We’ll try to think through how it is that mere colors and lines on a canvas can transform the conscience of a nation, as did Picasso’s Guernica; or how carefully selected words on a page can unleash the wanderlust of a generation, as did Kerouac’s On the Road; or how a collection of static, monochrome images can reframe the experience of people, as did Dorothea Lange’s Dustbowl photographs; or how a mayor’s decision to solve the social ills of his city by asking himself, “what would an artist do?”, could cut homicide rates by 70%, as did Antanas Mockus in Bogota, Columbia.
These examples are of big scale cultural change, of course. But we’ll likewise ask how we who seek to bring about meaningful change in ourselves and our organizations—even on a relatively small scale—can harness the power of the arts to achieve these ends. We’ll probably never figure out exactly why the arts are capable of bringing about such vital change, but in thinking with some of the great aesthetic theorists we may be able to pick up the clues that we need.
Where Does This Power Come From?
The venerable philosopher Immanuel Kant, for example, suggests that aesthetic experience hits us so hard because it disrupts conceptual thought, which is a key facet of logic and reason. Kant is the guy who came up with the idea that we make sense of the world by sorting everything we come across into a limited, far-too-generic set of concepts or categories. When we see something, we immediately and unconsciously apply one of our quick-draw concepts to it, sort it away in one of our preexisting categories, think we’ve understood it, and move on.
BUT, says Kant, when we engage with a work of art something different happens. We still instinctively look for the concepts and categories to file the artwork away under, but we can’t find them. The mind kicks into overdrive, looking for the concept, but eventually just spins its wheels. Logic and reason held suddenly in abeyance, the mind let’s go its grip on the habitual, the status quo, allowing for a pleasurable flood of new insights and imaginations to burst forth. Its in this way, thinks Kant, that art changes the way we think; changes us and our organizations. Its in this way that art humanizes us—and it feels good too.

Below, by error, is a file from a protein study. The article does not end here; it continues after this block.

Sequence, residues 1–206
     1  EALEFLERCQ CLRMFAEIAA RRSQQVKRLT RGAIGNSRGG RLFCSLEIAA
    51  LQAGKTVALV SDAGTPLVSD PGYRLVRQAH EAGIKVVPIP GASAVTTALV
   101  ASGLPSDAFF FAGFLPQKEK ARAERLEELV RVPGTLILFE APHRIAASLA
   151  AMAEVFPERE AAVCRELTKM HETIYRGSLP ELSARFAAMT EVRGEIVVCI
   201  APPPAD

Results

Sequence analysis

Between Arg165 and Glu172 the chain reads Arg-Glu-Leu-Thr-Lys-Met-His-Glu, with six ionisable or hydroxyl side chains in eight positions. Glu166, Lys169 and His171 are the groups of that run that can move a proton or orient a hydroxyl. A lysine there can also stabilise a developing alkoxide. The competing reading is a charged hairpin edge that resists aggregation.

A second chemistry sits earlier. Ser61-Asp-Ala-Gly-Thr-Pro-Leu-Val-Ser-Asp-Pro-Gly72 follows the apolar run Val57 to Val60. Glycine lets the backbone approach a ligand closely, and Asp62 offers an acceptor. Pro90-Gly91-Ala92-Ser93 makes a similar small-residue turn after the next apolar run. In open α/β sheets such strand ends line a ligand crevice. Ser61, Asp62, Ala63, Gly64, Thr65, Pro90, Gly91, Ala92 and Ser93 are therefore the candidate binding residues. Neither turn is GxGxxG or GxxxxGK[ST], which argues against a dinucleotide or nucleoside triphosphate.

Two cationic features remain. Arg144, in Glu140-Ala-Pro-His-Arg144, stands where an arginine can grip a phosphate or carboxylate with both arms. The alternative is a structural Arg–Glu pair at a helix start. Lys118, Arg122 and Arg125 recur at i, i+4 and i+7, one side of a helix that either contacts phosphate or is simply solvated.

Coleridge may have had Kant in mind when he said that all great art must have something NOT understood about it to obtain its full effect. Coleridge is suggesting that art asks questions of us for which we can have no immediate, logical answers. It forces us to pause, sit with our unknowing, and wonder. In states of wonder, new ideas enter the scene.
The Forest and The Trees
In a sense, we have stumbled across a paradox in aesthetic experience. It oscillates between two interconnected poles. On the one hand, art grounds us in the immediate, sensuousness of the particular, focusing our attention through a lens, within a frame, to seize upon very particular details. But, on the other hand, in so narrowing our gaze it forces us to broaden our attention to that which lies beyond our existing habits, categories, and reasons. Art asks us to engage with what William James calls simply, “The More.”
This is just one way of trying to sort out how it is that art can be such an agent of change. In the coming months, we will explore others. And, of course, we will reflect more specifically on how graphic facilitation and other visual tools (perhaps some that we have yet to imagine) can help facilitate change within professional organizations. In doing so, we will have an opportunity to hear from experts within our own organization at Collective Next as well as other thought leaders in the field, and beyond.
In the meantime, keep your eyes open. Something strange may change you.
*My fact-checkers tell me that Bowie actually turned down the offer knighthood. How gallant of him. “Sir” is retained in this article in a non-technical sense.Back